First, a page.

With the process within the industry still in its infancy, consumers are the driving force that can ensure that each link in the chain is certified, according to Steve. “If more consumers demand that timber and furniture suppliers source products via ecologically sustainable means, the industry will have to deliver,” he says.


Making informed decisions

So how do you know what you’re buying? When you are considering buying a timber product, before you make the purchase ask the retailer or manufacturer where it came from. According to Greenpeace, there are several types of timbers that simply don’t make the cut. These are Australian native old growth and uncertified tropical hardwoods from Indonesia, Vietnam, Singapore, China, Malaysia, PNG and Vietnam. They also advise consumers and builders to boycott plantation timber that’s been cleared from native forests after 1994 — this was the cut-off date imposed by the Forest Stewardship Council (FSC) for the conversion of forests to timber plantations.
Check to see if the timber product is certified FSC or AFC to confirm it’s been harvested legally and sustainably. If the supplier or retailer is uncertain or cannot verify the authenticity of the timber product and you want to make an environmentally sound choice, look for a similar product that is certified. Your local builder can also help you make the right decision.


Employing reclaimed timber

Pre-loved timber and timber products are always a good environmentally sustainable choice. Consider the option of buying recycled timber for the construction of decking, pergolas, fencing, cladding, feature pieces and more. Timber beams and posts reclaimed from old wharfs, factories, bridges or wool stores, for example, are usually weather-hardened and add character to a project. Each piece is unique and has a story to tell about its origin.
You can also find furniture made from reclaimed timber or timber off-cuts. To find recycled wood products check eBay, visit council-owned refuse stations, look under recycled in the Yellow Pages and check out the National Timber Product Stewardship Group’s comprehensive online reuse and recycle directory.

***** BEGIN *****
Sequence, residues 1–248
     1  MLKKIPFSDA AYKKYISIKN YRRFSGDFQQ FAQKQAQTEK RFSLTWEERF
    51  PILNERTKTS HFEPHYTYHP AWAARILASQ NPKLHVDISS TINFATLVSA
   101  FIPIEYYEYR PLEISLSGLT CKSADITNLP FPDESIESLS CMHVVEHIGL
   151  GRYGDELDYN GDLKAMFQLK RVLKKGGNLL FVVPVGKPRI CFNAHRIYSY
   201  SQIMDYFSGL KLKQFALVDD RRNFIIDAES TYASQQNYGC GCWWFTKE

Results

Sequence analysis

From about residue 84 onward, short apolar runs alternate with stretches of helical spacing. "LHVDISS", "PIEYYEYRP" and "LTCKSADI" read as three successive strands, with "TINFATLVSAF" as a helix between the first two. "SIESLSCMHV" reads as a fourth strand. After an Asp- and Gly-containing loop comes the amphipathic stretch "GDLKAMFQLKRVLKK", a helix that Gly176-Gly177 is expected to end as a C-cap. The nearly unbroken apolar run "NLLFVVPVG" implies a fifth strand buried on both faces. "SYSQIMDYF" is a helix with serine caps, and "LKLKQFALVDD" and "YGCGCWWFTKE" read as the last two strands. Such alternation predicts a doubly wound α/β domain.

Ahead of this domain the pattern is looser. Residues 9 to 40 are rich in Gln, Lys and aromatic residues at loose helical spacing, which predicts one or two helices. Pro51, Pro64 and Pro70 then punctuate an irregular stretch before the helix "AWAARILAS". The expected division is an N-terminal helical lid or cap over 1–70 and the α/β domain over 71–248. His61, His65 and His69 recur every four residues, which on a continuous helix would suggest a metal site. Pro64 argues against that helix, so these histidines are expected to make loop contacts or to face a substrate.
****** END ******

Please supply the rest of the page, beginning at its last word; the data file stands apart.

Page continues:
As well as native forests, a growing number of renewable plantation forests also service Australia’s increasing demand for raw timber and timber products. Major timber plantations began in Australia in the 1960s and now there are 1.82 million hectares of renewable timber sources in the form of softwood and hardwood plantations. Plantation timbers are farmed extensively, so for a smaller parcel of land there are higher yields, says Steve.
“Conversely, timber extraction is much less per hectare in native forests. But if you look at it objectively, in Australia our native forests are well managed for a variety of uses, including biodiversity and catchment management.”


Using certified sources

In an effort to turn the tide of growing illegal timber felling and encourage well-managed forests, WWF has established the Australia Forest and Trade Network (AFTN), the national division of the Global Forest and Trade Network. “We have agreements with individual companies to buy timber and paper products from certified sources,” says Andrew Rouse, WWF Australia Program Manger, Resource Conservation.
Sustainability of our forests is a critical issue, says Andrew. “Through the choice of timber they buy, consumers can support sustainable forest management and by doing that they’re supporting communities and biodiversity within those regions.”